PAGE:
3. 3 Demonstrating Flexibility and Responsiveness in Persisting to Support Students – As part of the course, Educating Exceptional Students, I researched and wrote a peer review paper on different ways of utilizing and implementing the Response-To-Intervention (RTI) model to support all students in their learning goals. While RTI has traditionally been used as a way to evaluate students with learning disabilities, different districts and schools across the nation have also used it as a similar framework guide for providing extension and challenge to gifted and talented students. In the particular district I student teach in, the RTI model has also become integrated in the the Professional Learning Communities in which teachers collaborate on student benchmark learning across classrooms.Read More »
7.1 Communicating with Families – Throughout this year I have had many opportunities to work with and meet students and their families both in the classroom and outside of it. Teacher-family communication is a crucial part of creating a consistent, engaging, and caring environment that students can flourish and find success in. That communication can take many forms such as e-mail updates, parent volunteering, and also attending PTSA events. From my experience interacting with students and their families is that the most successful communication is both flexible and positive.Read More »
According to a professional development study done by EdSurge (2014), teachers report getting the most value out of informal learning opportunities such as using twitter chats and online learning communities (p. 9). By learning to engage in social media platforms to extend learning teachers can then take those platforms and introduce them in constructive and creative ways into their classrooms (Tucker, 2016). Read More »
What skills or attributes of an innovative educator, such as problem-solving and flexibility with technology, can I model to 3rd grade students and connect to their development in digital fluency?
8.1 Participating in a Professional Community – Relationships with colleagues are characterized by mutual support and cooperation.
While I was part of a program cohort during the summer, I had to redefine my role and identity from student to teacher when I became part of the professional learning community at my internship school. The 3rd grade PLC collaborated on procedures, curriculum, and instruction using different techniques but teaching similar content with consistency throughout the entire grade. This coordination and cooperation has been the most effective in how we organize and teach math.Read More »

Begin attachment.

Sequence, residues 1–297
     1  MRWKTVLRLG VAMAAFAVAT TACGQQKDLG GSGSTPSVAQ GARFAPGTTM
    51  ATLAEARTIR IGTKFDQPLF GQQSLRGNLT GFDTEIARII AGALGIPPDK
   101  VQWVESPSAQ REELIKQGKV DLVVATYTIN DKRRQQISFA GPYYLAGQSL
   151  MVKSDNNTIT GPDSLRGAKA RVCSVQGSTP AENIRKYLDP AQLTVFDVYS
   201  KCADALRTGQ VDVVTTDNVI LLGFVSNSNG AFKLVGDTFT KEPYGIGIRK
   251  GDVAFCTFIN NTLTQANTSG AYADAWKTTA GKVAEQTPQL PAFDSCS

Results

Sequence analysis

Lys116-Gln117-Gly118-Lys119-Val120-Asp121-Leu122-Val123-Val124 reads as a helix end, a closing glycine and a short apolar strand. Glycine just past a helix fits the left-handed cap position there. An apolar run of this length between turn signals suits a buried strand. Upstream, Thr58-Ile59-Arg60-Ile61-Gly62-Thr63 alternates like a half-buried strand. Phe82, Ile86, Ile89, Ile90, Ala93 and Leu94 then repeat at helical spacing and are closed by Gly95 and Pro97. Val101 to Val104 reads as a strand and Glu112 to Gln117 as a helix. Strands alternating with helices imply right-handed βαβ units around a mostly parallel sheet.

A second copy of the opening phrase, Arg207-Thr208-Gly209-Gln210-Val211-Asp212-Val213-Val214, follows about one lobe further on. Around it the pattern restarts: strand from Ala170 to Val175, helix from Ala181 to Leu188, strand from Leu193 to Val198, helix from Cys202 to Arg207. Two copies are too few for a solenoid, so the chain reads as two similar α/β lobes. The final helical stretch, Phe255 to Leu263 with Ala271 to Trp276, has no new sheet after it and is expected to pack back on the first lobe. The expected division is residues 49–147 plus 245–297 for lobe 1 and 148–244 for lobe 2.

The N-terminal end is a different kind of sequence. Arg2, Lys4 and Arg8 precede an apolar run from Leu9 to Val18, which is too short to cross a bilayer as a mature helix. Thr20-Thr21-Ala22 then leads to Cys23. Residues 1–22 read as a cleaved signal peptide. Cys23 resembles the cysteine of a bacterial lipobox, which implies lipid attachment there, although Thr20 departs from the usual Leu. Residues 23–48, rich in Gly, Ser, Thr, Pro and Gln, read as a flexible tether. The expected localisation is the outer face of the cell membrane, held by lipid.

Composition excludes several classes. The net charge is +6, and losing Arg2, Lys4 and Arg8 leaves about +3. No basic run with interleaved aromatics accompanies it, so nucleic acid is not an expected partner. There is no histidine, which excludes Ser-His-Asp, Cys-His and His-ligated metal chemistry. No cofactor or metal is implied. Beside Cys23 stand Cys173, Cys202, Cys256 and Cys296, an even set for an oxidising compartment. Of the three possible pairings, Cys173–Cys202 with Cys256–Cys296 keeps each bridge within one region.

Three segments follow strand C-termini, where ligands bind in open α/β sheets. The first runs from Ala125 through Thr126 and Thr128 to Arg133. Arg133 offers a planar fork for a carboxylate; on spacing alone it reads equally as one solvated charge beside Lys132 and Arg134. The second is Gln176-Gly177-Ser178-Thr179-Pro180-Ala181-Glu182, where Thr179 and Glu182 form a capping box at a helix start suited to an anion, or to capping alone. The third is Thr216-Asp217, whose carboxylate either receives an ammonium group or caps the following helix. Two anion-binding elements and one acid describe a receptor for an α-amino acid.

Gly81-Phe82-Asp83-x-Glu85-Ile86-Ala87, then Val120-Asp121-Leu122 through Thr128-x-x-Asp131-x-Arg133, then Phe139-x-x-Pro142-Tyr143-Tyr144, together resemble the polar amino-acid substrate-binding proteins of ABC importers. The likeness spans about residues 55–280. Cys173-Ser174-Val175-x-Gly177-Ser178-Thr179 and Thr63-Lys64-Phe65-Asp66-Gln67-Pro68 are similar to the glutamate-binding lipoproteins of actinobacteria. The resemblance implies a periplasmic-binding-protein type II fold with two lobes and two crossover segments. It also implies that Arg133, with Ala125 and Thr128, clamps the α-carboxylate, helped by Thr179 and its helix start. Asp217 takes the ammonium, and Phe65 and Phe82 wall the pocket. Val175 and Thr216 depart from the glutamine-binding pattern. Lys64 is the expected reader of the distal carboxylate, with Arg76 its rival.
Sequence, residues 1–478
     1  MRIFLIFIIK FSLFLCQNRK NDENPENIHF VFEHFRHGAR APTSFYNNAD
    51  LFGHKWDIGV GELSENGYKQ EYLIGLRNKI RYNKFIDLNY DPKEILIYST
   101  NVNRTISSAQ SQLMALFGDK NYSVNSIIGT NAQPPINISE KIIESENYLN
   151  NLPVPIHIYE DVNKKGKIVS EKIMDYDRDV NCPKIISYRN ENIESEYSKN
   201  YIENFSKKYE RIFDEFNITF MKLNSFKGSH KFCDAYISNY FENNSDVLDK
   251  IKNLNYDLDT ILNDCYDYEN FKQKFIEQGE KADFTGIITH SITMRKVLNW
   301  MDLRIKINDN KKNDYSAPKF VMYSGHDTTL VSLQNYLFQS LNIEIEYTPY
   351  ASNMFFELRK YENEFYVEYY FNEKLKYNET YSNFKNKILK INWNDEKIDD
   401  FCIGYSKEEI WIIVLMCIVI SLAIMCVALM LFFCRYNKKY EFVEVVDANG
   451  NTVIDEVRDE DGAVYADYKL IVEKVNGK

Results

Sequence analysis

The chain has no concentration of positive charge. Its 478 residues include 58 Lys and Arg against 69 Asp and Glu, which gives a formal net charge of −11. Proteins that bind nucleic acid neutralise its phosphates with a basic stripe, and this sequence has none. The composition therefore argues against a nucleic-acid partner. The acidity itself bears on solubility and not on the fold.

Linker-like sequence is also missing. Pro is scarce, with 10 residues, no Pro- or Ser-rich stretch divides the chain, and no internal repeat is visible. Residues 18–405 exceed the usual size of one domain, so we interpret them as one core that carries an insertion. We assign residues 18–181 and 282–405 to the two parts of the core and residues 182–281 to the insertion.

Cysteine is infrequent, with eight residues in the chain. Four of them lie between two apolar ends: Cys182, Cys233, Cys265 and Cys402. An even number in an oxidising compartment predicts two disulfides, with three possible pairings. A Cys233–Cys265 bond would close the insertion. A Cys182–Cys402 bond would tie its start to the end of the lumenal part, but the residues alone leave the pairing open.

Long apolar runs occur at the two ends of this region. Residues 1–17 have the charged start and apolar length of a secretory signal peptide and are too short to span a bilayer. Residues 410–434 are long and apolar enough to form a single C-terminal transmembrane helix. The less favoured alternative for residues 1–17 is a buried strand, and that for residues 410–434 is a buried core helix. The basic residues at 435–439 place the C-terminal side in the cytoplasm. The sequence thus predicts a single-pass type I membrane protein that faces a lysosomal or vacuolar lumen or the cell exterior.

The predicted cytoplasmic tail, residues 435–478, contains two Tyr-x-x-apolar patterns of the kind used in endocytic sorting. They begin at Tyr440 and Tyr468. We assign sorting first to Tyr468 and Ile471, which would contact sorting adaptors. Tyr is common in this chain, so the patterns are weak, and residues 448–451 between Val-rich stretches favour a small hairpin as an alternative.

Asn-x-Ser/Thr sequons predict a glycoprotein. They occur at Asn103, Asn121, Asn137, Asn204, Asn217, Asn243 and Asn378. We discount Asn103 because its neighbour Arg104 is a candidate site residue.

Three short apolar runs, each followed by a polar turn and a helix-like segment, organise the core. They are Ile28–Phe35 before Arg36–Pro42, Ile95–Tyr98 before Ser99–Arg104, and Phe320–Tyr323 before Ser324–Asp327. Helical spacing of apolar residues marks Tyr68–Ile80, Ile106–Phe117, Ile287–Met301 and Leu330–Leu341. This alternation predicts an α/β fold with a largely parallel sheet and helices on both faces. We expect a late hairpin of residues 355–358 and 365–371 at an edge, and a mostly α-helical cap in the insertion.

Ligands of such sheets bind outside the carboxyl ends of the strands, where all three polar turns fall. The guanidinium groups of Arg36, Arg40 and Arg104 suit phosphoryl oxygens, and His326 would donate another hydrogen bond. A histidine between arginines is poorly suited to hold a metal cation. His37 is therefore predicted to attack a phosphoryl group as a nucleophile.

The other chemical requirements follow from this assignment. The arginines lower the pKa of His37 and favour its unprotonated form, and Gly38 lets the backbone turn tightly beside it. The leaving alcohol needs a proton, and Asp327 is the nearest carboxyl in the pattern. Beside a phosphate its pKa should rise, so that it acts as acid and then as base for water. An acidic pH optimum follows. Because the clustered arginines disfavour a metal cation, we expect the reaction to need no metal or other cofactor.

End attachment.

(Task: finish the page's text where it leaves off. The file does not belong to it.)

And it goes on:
8.1 Professional Practice – Participating in a Professional Community
Developing relationships and open discussion with other educators, emerging and experienced, has been a key part of processing the purpose of public education. The constantly changing landscape of education reform in the US, and Washington State, is filled with polarizing opinions, debates, and methods of improvement. Driven by “the search for a panacea” (Hunt, 2005, p.85) to social problems, legislation at different times in history has altered the purpose, funding, and importance of public education. Whether it is the increased emphasis of STEM subjects from A Nation at Risk (1983) or standards based testing through NCLB (2001) schools and teachers are still feeling the effects of education reform efforts. While I continue to understand and empathize with the academic environment I will enter into, collaborating with other professionals challenges me to question the sources of reform and imagine change coming from communities and not just government.Read More »